Sunday 31 July 1966
[The audio is NOT July 31, but Oct 8, 1966, the first day of DJs]
In July 1964, the federal government, via the Federal Communications Commission (FCC), adopted a non-duplication rule prohibiting FM radio stations in cities of more than 100,000 people from merely running a simulcast of the programming from their AM counterparts. Stations fought the rule and delayed implementation.
Writing on the wall
Station owners did not succeed in their fight and many decided to experiment with the still new but growing rock genre. Soon rock FM stations dotted the land.
And so on July 31, 1966 New York City’s WOR-FM began running a freeform-based progressive rock format for most of its broadcast day. Management was unable to come to an agreement with the American Federation of Television and Radio Artists (the union that represented on air talent). As a result, the DJ’s did not start until October 8.
Not quite underground
Listening to the sample above from the first day of DJs playing (not particularly different from the previous months’ playlists), the listener will realize that the playlist was not particularly different from the AM pop radio playlists.
That difference would not happen until the FM DJs began to experiment play more album cuts of their own choice.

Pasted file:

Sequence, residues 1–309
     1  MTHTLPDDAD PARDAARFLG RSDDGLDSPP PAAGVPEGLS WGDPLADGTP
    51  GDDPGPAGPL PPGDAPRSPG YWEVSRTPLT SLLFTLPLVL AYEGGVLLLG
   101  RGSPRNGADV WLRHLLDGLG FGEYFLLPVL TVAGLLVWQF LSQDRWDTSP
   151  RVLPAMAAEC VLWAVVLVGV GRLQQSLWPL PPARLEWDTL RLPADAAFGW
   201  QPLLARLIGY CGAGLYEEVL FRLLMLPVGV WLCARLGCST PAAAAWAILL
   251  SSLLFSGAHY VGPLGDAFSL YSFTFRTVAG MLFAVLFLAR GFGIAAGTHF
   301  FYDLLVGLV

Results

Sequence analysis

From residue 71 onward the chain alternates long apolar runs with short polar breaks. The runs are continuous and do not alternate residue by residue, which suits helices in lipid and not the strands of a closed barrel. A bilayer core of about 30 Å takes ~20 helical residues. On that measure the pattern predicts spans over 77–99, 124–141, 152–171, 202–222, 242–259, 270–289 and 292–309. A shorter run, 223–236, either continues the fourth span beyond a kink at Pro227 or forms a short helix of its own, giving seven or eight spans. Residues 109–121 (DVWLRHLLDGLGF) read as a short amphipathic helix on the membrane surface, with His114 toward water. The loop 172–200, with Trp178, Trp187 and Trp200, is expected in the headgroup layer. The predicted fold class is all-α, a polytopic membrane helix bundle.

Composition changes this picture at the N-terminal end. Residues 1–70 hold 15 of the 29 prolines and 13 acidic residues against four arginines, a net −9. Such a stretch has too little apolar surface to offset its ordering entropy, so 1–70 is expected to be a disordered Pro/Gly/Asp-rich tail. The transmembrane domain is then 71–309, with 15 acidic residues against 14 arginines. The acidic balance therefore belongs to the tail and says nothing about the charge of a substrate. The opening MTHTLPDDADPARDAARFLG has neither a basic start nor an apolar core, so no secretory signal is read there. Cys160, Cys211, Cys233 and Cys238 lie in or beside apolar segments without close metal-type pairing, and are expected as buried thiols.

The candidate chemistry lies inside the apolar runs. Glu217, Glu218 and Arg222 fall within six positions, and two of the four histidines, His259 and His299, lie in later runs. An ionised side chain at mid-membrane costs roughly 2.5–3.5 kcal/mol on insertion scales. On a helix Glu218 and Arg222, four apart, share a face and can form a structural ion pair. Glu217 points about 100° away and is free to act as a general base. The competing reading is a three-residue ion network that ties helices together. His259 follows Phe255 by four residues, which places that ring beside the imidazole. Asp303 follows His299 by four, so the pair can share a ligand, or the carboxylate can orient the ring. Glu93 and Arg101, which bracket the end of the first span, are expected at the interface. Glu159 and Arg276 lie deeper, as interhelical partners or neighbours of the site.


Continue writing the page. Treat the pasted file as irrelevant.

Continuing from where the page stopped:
It was that difference, the question of choice versus the handing down from on high of a playlist, that soon separated FM “pop” stations using the Drake method of programming from the stations like WNEW-FM (also in NYC). WNEW-FM gave its DJs much more leeway when choosing what to play.
After hardly more than a year of the new format with DJs, many of the original group left. Bill Mercer, or simply Rosko, was one of the more popular of WOR’s DJs. He brought a unique free style he brought to his shows. Fans loved him and it, but he realized that management did not want that style.
On October 2, 1967, less than a year after starting, Rosko announced his departure on the air. Click below to listen to a piece of it…
Rosko joined WNEW-FM shortly afterwards and the rest is another much more enjoyable history. NYT article